This program welcomes poet and scholar Camille T. Dungy for a reading and conversation surrounding her essay collection, Soil: The Story of a Black Mother’s Garden. Soil is a seminal work that expands how we talk about the natural world and the environment as Camille tends her garden to reflect her heritage.
In Soil, Camille recounts the seven-year odyssey to diversify her garden in the predominantly white community of Fort Collins, Colorado. When she moved there in 2013 with her husband and daughter, the community held restrictions about what residents could and could not plant in their gardens. In resistance to the stifling and restrictive policies, Camille employs the various plants, herbs, vegetables, and flowers she grows in her garden as metaphor and treatise for how homogeneity threatens the future of our planet. In doing so, she is able to use this practice to exemplify why cultivating diverse and intersectional language in our national discourse about the environment is the best means of protecting it.
Definitive and singular, Soil functions at the nexus of nature writing, environmental justice, and prose to encourage you to recognize the relationship between the peoples of the African diaspora and the land on which they live, and to understand that wherever soil rests beneath their feet is home.
This reading is followed by a moderated conversation with Denele Hughson, an audience Q&A, and an author signing. You can purchase your own copy of Camille’s book, Soil: The Story of a Black Mother’s Garden, at City of Asylum Bookstore.
About the Author:
Camille T. Dungy is the author of four collections of poetry, most recently Trophic Cascade (Wesleyan UP, 2017), winner of the Colorado Book Award. She is also the author of the essay collections Soil: The Story of a Black Mother’s Garden (Simon & Schuster, 2023) and Guidebook to Relative Strangers: Journeys into Race, Motherhood and History (W.W. Norton, 2017), a finalist for the National Book Critics Circle Award. Camille has also edited anthologies including Black Nature: Four Centuries of African American Nature Poetry and From the Fishouse: An Anthology of Poems that Sing, Rhyme, Resound, Syncopate, Alliterate, and Just Plain Sound Great. A 2019 Guggenheim Fellow, her honors include NEA Fellowships in poetry (2003) and prose (2018), an American Book Award, two NAACP Image Award nominations, and two Hurston/Wright Legacy Award nominations. Camille’s poems have been published in Best American Poetry, The 100 Best African American Poems, the Pushcart Anthology, Best American Travel Writing, and over thirty other anthologies. She is University Distinguished Professor at Colorado State University.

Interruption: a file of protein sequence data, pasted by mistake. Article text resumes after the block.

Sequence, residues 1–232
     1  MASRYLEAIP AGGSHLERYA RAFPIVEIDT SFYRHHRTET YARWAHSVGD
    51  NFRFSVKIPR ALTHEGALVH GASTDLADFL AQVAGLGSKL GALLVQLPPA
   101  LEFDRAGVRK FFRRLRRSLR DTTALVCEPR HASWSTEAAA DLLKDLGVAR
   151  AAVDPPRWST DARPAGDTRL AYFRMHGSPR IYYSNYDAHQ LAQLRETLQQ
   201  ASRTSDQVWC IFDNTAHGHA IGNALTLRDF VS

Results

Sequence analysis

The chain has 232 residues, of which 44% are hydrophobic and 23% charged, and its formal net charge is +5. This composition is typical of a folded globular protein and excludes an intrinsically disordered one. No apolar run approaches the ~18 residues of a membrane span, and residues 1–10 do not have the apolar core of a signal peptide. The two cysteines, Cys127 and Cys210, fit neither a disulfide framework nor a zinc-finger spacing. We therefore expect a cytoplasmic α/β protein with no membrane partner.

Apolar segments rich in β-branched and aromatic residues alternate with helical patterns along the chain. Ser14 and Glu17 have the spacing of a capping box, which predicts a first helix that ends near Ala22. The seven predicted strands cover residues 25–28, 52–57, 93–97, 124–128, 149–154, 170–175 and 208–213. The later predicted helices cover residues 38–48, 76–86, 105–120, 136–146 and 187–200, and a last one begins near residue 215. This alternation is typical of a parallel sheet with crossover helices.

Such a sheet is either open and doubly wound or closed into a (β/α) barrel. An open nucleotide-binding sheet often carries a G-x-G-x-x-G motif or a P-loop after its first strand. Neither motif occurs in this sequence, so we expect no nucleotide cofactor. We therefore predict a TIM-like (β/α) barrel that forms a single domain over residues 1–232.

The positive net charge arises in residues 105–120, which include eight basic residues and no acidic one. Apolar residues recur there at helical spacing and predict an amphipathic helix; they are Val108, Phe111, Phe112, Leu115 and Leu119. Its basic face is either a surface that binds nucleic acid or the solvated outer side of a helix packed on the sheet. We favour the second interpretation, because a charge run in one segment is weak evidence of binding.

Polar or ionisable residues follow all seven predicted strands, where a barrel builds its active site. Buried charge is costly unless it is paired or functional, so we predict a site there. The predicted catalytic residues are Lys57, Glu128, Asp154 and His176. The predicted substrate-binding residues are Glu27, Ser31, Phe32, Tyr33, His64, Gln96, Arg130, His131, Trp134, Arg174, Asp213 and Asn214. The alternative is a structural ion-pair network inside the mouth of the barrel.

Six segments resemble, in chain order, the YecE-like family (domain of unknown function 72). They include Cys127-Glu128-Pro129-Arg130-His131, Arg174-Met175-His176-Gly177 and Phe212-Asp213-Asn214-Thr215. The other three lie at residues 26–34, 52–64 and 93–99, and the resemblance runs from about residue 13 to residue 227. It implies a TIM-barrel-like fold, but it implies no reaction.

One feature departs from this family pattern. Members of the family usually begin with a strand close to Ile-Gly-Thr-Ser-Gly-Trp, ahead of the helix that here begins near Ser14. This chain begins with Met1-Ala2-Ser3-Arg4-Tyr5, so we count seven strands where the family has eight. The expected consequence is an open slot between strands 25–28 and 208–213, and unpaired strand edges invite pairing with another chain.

About the Moderator:
Denele Hughson (she/her) is the Executive Director of Grow Pittsburgh–an urban agriculture non-profit with a mission to teach people how to grow food and to promote the benefits that gardens bring to our neighborhoods. Denele is a Pittsburgh native who is passionate about food security in the Greater Pittsburgh region. In 2008, she graduated from the University of Pittsburgh with a B.A. in Political Science. Denele served as an AmeriCorps KEYS volunteer, followed by several years of working at nonprofits across the city including the Community Empowerment Association, the Student Conservation Association, and the YMCA. While earning her M.S. in Public Policy & Management at Carnegie Mellon University’s Heinz College, Denele had internships with the Smithsonian Institution and the Pittsburgh Public School district. After graduating in 2013, she served as the Mentoring/Women’s program coordinator with Pittsburgh Jobs Corps Center before coming to Grow Pittsburgh. Denele serves on the board of directors for PA Certified Organics and is a member of the Pennsylvania Food Policy Council Advisory Committee. She also serves on the Pittsburgh Food Justice Fund Taskforce and the Pittsburgh Food Summit Planning Committee.
About Your Visit:
City of Asylum Bookstore is open from noon to 6p.
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